Men have been so mad as to believe that God is pleased by harmony Spinoza Some of us have read Desert, and opted to reprint it, to promote its discussion, maybe to promulgate (at least repeat) some of what is said in it. Despite our efforts, I still feel it has not had the …
A review of the essay, Primitivism, anarcho-primitivism and anti-civilisationism – criticism by Libcom http://libcom.org/thought/approaches/primitivism/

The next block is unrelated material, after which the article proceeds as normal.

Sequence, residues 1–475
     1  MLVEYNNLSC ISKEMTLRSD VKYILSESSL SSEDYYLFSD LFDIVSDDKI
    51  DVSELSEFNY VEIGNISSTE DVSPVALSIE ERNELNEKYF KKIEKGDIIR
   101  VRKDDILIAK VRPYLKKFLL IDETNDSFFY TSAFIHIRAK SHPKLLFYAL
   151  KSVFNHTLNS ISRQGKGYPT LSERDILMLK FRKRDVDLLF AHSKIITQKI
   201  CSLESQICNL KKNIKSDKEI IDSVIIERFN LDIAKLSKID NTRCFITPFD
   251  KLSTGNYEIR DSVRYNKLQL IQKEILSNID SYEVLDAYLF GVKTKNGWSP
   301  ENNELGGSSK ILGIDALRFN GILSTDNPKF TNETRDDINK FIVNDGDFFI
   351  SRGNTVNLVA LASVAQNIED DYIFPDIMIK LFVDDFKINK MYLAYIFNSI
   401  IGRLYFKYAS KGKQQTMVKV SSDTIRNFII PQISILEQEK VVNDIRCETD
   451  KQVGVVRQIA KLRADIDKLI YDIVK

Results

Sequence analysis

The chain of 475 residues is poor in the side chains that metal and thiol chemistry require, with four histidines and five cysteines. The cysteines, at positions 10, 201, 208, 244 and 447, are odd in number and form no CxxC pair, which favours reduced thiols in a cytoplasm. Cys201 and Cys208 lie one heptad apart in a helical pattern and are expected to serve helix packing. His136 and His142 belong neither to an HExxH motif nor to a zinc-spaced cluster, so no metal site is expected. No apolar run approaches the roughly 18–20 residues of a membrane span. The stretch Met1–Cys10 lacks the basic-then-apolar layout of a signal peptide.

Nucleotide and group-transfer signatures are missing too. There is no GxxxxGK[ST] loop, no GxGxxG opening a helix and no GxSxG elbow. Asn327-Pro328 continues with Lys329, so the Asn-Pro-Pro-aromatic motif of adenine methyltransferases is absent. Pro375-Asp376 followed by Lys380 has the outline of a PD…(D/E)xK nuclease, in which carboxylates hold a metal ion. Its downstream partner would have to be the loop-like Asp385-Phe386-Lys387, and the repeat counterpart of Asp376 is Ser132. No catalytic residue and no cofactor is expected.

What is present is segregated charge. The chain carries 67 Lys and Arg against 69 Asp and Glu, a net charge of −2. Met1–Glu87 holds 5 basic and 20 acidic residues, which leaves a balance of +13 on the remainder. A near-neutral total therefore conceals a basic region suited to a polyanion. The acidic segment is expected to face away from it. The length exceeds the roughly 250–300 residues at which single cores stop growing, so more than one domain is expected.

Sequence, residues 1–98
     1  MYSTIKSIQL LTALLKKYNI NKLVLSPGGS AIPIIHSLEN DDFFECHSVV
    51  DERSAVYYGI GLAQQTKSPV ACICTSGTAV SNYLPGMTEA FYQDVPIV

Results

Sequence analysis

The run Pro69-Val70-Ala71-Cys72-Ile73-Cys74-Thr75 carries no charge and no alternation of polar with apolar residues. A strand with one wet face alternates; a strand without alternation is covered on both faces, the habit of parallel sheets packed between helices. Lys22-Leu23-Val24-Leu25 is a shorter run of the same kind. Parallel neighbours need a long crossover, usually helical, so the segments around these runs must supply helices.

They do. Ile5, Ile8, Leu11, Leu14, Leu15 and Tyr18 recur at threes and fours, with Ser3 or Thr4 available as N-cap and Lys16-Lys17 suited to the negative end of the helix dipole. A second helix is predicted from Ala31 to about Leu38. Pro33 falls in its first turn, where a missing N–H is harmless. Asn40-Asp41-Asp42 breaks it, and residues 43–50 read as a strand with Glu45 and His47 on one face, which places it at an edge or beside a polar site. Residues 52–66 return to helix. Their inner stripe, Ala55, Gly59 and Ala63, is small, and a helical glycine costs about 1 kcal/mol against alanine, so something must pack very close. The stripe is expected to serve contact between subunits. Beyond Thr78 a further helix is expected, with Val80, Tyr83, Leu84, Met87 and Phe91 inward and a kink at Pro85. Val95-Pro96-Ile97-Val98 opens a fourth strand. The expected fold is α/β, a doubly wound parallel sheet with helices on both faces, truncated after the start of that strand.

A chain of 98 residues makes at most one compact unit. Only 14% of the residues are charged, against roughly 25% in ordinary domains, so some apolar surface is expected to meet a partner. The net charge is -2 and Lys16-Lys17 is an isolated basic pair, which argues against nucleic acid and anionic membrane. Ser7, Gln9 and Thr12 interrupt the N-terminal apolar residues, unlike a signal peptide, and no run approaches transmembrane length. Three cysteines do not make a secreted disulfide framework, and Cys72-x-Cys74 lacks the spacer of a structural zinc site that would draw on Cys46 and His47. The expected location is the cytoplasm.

If one function of ideology is to make things that have a history appear natural, then perhaps ‘nature’ is the ideological concept par excellance. On the other hand, if ideology forms a distorted or deceptive image of the real, something like nature is an indispensable correlate to ideology, without which a critique of the latter would be meaningless. This ambivalence is inherent to the concept of nature; for all the conceptual pairings it seems to so naturally elicit—nature/culture, nature/civilization, nature/artifice, nature/humanity—it refuses to be limited to one side of a pair. Nature, as much as ‘nature,’ is the ultimate colonizing force: it appears where it is least expected, even—I should say especially—when it was thought to have been banished. Not only is this as true of nature as it is of ‘nature’; more, the seemingly obvious distinction here between the reality and the concept of nature is dangerously unstable. Nothing is more natural than the unnatural.